Status Report

NASA Space Station On-Orbit Status 27 February 2005

By SpaceRef Editor
February 27, 2005
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NASA Space Station On-Orbit Status 27 February 2005

SpaceRef note: This NASA Headquarters internal status report, as presented here, contains additional, original material produced by (copyright © 2005) to enhance access to related status reports and NASA activities.

All ISS systems continue to function nominally, except those noted previously or below. Sunday, second weekend rest day for the crew. Ahead: Week 19 of Increment 10.

Cargo ship M-51 (16P) undocked on time (11:06:30am EST), and fired its separation burn three minutes later. It is now headed for ~10 days of autonomous orbital operations before its fiery reentry and splashdown in the “regular” Progress deep-sea graveyard of the Pacific Ocean. [In the US segment, the SDMS (Structural Dynamic Measurement System) was activated to record vibrational data beginning two minutes prior to undocking through three minutes after. US P6 solar arrays (SAs) and Service Module (SM) SAs were feathered during vehicle departure as protection against plume contamination.]

Previous Reports

ISS On-orbit Status [HQ]
ISS Status [JSC]
Shuttle Processing [KSC]

The crew monitored the undocking on the VKU-2 video monitor. [Objective: to visually assess the StA docking assembly in the SM aft end near the interface surface as a check for any foreign material and to look for any drastic changes visible in the Progress motion pattern after undocking.]

After attitude control handover to the Russian segment (RS) at 8:40am, the station maneuvered from sun-pointing XPOP (x-axis perpendicular to orbit plane) to earth-fixed LVLH (local vertical/local horizontal) at 8:45am and then, after a brief period of free drift for the 16P undocking, to GFI-1 experiment attitude at 11:13am.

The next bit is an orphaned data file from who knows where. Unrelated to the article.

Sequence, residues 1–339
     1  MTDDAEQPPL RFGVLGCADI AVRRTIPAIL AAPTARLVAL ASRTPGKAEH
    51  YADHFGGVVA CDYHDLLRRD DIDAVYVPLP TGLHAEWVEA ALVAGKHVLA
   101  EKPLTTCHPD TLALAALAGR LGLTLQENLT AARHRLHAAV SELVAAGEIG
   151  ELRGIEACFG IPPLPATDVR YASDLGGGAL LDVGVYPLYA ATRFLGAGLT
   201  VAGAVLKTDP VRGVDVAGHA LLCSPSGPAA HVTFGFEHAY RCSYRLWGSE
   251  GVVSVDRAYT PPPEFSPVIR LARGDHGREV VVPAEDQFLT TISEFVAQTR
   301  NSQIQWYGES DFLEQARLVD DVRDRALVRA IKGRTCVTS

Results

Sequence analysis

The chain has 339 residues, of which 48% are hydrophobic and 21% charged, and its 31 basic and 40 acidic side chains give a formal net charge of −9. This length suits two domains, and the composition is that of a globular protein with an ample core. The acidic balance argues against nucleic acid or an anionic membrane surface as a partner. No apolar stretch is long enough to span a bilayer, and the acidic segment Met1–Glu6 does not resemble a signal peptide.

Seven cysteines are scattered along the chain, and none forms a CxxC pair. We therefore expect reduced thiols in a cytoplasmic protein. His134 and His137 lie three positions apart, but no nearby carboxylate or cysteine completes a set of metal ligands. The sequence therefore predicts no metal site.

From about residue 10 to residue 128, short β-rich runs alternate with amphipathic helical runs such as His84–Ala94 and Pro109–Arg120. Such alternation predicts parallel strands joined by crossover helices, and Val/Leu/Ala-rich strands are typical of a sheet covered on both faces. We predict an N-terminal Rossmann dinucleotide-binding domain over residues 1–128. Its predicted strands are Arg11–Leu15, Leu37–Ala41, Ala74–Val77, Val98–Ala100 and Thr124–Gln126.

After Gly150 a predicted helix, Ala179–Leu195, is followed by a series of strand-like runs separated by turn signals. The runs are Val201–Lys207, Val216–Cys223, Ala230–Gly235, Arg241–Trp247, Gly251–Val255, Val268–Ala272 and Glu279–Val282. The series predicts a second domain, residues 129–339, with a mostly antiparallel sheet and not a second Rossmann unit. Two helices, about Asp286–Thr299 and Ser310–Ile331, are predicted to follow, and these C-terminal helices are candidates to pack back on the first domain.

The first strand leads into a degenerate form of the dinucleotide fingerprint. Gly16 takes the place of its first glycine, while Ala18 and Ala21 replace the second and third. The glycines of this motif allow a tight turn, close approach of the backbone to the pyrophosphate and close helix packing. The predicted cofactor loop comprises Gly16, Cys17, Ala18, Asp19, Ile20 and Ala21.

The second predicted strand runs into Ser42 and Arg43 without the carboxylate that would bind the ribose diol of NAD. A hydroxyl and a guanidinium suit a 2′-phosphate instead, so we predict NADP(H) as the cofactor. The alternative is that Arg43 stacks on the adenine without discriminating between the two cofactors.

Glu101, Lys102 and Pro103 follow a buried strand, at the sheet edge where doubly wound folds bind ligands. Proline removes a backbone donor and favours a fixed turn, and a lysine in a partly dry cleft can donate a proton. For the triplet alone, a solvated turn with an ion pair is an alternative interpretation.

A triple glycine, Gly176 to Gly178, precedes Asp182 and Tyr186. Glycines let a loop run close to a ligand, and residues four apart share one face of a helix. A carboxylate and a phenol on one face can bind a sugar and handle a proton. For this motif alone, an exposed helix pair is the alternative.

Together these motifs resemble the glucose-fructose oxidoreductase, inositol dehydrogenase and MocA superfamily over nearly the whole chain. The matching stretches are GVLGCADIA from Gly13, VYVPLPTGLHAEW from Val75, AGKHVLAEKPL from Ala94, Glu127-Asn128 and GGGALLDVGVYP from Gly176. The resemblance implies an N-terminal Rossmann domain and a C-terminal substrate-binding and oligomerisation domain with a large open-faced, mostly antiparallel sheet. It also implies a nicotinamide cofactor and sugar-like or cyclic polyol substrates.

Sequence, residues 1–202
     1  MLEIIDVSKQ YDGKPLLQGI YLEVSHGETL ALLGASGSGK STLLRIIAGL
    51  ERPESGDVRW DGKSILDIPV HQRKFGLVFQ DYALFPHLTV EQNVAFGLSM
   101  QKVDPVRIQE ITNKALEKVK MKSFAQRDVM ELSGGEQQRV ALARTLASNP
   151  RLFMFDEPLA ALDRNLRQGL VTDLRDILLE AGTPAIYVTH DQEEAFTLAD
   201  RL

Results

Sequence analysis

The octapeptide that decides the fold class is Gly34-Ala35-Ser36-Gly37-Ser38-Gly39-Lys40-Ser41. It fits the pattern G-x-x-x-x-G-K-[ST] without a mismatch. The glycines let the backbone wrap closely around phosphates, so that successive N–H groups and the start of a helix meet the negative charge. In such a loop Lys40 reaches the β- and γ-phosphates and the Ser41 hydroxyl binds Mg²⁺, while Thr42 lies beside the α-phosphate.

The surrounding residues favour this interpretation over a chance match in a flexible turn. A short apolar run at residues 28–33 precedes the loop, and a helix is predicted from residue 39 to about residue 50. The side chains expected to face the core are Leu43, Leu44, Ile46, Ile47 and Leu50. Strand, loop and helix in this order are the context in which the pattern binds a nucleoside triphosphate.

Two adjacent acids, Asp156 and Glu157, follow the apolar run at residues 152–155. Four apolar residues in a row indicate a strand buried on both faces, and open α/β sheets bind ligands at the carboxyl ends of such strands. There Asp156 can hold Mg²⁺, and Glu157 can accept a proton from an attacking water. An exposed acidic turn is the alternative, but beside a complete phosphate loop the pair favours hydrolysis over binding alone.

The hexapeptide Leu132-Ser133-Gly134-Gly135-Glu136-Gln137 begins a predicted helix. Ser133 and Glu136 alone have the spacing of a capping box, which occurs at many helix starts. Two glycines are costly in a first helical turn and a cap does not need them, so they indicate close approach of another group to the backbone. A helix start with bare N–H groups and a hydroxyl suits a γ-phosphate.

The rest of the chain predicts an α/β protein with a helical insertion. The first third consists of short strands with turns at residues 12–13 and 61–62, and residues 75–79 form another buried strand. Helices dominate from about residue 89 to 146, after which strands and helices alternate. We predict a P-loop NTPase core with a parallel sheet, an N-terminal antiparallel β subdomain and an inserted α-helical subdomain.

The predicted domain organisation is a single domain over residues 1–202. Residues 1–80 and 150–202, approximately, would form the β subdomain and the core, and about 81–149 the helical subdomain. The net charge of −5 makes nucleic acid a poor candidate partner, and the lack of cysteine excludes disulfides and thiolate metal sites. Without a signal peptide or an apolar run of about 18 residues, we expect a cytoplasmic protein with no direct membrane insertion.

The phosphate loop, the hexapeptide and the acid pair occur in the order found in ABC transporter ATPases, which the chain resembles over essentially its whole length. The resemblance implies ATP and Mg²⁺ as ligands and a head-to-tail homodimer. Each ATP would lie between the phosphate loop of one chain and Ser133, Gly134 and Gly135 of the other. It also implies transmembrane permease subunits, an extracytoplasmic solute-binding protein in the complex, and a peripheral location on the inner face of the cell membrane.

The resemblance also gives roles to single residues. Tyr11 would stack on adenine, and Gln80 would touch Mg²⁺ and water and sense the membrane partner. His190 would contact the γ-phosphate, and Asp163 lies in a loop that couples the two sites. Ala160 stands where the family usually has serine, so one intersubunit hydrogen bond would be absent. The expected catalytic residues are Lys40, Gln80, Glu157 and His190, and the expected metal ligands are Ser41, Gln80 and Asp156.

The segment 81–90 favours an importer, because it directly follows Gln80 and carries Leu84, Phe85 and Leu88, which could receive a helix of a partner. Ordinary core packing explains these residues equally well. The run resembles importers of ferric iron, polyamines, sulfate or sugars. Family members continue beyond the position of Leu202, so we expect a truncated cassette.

At ~12:00pm, FE Sharipov installed the geophysical GFI-1 Relaksatsiya (“relaxation”) experiment, reconfiguring the Russian payload Laptop 3 for the experiment and mounting the UV (ultraviolet) camera with spectrometer unit at SM window #9. Purpose: to observe and video-record the Progress 351/16P thruster plumes during the time period of 1:50-2:15pm (braking burn) with the Earth’s limb as background. [Relaksatsiya deals with the geophysical study of the chemoluminescent chemical reactions and atmospheric light phenomena (emissions, i.e., molecular relaxation processes) that occur during high-velocity interaction between the exhaust products from space vehicles and the rarified atmosphere at orbital altitude and during the entry of space vehicles into the Earth’s upper atmosphere. Objective of the current experiment is to record the Progress thruster plumes and the Earth limb (by UV-video). After 16P has moved out of sight, the equipment will be disassembled for FGB stowage and Laptop 3 returned to its permanent location, as a crew-discretionary task list item.]

Later today, at 2:32pm, the station maneuvers back to XPOP. Shortly thereafter, the P6 2B solar array (SA) will be moded to Autotrack (for shading the MBS IMCA [mobile base system/integrated motor controller assembly]), and SA 4B to -44 deg for drag reduction-bias.